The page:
Daily Dispatches
Members of the Family Foundation and supporters of traditional marriage pray outside the Federal Appeals Court in Richmond, Va.
Associated Press/Photo by Steve Helber
Members of the Family Foundation and supporters of traditional marriage pray outside the Federal Appeals Court in Richmond, Va.

Breaking down the government’s role in marriage


Last week, the 4th U.S. Circuit Court of Appeals heard arguments for and against the ban on same-sex marriage in Virginia, which a federal judge found unconstitutional.

Legal heavy hitters again represented the gay couples who sued in Virginia for the right to marry. Ted Olson and David Boies are the same legal team who argued against California’s Proposition 8 before the U.S. Supreme Court last year. 

The three judges hearing the Virginia case were quite pointed with their questions, ranging from states’ rights to the history and tradition of the family unit. Judge Roger Gregory, appointed by President Barack Obama, was particularly critical of mom-and-dad-defined marriages, equating them to a totalitarian system. Gregory acted outraged when David Oakley, the lawyer defending a Virginia court clerk and the majority of Virginia voters, said the government had a legitimate interest in protecting children through the marriages of their biological parents.

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“To protect the children?” Gregory asked, “[A] totalitarian system where you people are baby makers and you get married for the interest of the state? Do you require married people to have children?  Do you ban 90-year-old couples from getting married?”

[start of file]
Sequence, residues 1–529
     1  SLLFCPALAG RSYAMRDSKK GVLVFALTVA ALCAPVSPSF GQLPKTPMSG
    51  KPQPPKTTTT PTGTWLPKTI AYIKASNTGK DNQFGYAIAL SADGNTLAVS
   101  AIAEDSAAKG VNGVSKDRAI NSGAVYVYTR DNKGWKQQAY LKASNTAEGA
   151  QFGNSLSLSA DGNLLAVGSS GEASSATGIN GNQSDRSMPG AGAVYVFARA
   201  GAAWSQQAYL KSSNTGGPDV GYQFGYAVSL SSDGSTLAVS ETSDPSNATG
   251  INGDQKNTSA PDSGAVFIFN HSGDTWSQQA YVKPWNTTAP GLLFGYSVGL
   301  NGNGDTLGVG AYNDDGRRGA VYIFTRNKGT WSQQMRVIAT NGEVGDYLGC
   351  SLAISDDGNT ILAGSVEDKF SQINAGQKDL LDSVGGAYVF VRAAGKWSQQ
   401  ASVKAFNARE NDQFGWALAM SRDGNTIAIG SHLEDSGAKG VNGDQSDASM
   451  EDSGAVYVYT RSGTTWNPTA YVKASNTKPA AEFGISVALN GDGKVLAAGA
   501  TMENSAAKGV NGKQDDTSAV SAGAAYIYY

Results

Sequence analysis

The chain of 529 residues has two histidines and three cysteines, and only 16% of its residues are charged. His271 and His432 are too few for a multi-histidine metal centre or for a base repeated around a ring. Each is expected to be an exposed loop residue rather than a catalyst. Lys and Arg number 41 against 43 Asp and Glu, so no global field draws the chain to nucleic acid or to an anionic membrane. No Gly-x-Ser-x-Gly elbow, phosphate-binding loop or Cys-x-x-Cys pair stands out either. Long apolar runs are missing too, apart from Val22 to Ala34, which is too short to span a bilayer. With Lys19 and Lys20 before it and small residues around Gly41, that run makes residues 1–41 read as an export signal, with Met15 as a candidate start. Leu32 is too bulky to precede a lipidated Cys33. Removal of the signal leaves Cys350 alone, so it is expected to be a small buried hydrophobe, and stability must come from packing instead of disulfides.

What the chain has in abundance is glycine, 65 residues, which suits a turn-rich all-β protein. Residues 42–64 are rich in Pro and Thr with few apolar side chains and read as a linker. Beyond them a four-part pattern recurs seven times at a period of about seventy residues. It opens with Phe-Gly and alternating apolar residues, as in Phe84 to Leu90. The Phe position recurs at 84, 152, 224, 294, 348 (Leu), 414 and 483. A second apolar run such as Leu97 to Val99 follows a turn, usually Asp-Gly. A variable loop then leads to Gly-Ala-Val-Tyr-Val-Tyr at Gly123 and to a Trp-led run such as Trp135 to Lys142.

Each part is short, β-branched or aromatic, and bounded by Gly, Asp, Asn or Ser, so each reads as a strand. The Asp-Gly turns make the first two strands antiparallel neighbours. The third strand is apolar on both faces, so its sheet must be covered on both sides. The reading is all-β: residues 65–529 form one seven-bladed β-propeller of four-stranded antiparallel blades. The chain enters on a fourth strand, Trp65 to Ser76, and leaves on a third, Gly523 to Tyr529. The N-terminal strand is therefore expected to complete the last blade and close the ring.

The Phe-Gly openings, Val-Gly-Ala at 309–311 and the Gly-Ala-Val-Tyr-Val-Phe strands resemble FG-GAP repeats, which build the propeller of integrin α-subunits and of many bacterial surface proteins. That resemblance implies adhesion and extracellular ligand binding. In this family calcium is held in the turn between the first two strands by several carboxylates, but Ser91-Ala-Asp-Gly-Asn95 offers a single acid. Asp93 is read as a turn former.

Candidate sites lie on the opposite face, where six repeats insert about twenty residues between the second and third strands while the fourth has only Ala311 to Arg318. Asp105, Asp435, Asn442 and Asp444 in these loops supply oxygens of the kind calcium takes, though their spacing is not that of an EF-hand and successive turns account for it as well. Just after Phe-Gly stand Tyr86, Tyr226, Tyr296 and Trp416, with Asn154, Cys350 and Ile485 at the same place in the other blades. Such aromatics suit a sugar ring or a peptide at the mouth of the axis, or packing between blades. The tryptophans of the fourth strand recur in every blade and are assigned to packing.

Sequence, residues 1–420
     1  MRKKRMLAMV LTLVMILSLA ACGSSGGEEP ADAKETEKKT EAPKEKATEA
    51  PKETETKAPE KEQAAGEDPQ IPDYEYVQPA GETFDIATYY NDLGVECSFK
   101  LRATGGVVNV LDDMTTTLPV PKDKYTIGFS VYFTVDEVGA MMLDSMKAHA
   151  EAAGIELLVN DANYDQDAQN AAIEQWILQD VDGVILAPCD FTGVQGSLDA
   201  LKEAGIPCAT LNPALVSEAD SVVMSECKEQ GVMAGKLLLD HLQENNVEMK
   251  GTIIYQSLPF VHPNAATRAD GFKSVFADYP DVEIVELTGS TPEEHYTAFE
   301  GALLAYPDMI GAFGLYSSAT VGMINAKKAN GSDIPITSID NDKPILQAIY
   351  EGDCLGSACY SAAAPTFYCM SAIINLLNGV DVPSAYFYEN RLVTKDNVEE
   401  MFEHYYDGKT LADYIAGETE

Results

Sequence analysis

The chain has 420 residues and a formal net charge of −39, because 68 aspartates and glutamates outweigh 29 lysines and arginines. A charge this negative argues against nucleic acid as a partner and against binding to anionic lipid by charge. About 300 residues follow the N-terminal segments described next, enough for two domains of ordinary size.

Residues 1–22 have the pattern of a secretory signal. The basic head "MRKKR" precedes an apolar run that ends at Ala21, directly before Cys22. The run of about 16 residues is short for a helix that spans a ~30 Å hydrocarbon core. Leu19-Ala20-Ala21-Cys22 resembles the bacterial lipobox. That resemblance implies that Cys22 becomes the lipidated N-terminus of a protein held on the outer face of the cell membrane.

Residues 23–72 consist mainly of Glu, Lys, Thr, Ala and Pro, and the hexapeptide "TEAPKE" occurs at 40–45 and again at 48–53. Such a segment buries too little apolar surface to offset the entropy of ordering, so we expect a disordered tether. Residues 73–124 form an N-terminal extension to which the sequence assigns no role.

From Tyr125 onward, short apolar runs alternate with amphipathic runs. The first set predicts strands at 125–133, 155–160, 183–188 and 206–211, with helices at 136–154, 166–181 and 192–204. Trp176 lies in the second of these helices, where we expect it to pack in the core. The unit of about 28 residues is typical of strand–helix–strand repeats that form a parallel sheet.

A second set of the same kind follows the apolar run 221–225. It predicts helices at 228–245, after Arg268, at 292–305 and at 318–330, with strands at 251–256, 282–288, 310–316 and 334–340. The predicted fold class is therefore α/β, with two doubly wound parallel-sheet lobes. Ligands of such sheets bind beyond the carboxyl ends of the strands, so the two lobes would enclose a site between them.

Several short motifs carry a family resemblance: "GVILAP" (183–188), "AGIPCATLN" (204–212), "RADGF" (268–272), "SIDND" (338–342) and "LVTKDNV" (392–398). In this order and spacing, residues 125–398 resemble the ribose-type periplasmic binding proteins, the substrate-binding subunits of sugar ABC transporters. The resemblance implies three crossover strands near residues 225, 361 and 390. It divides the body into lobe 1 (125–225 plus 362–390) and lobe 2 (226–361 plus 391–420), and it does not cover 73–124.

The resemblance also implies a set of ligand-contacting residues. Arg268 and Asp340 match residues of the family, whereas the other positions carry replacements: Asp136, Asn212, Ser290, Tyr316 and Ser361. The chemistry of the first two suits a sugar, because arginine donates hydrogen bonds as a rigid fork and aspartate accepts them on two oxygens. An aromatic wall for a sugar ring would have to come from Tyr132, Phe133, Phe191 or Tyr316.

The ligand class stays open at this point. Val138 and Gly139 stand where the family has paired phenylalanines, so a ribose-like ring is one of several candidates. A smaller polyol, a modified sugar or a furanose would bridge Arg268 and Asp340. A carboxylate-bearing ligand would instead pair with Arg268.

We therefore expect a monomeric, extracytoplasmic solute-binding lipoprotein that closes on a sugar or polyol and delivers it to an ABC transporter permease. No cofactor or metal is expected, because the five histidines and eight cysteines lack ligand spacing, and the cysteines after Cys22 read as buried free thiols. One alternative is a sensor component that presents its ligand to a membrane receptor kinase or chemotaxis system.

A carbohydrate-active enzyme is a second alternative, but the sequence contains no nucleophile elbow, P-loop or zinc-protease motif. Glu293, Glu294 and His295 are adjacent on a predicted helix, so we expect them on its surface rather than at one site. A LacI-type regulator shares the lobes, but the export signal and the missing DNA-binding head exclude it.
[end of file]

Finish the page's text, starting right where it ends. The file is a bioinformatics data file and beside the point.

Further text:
“You cannot constitutionally put a procreation requirement in marriage,” Oakley responded. “However, it is still a legitimate government interest.”

Gregory saw no difference between race and gender, bringing up the 47-year-old case that overturned prohibitions against interracial marriage. He also brought up a prisoner’s right to marry, but Alliance Defending Freedom lawyer Austin Nimocks countered by pointing out that the Supreme Court recognized inmates are expected to be released and eventually to consummate their marriages. The Supreme Court has denied the right to marry to a prisoner who was incarcerated for life without parole. 

“The distinction between prisoners in those two cases is that one was expected to get out and consummate his marriage, reaffirming the procreative link to the fundamental right,” Nimocks said. 

There is no time limit for when the appeals court must decide this case. Ultimately, whether voters, states, judges, or the federal government has the power to decide this fundamental matter rests with the Supreme Court.

Hear more legal analysis of the Virginia same-sex marriage case and excerpts from the case’s oral arguments on The World and Everything in It:

Lynde Langdon contributed to this report.


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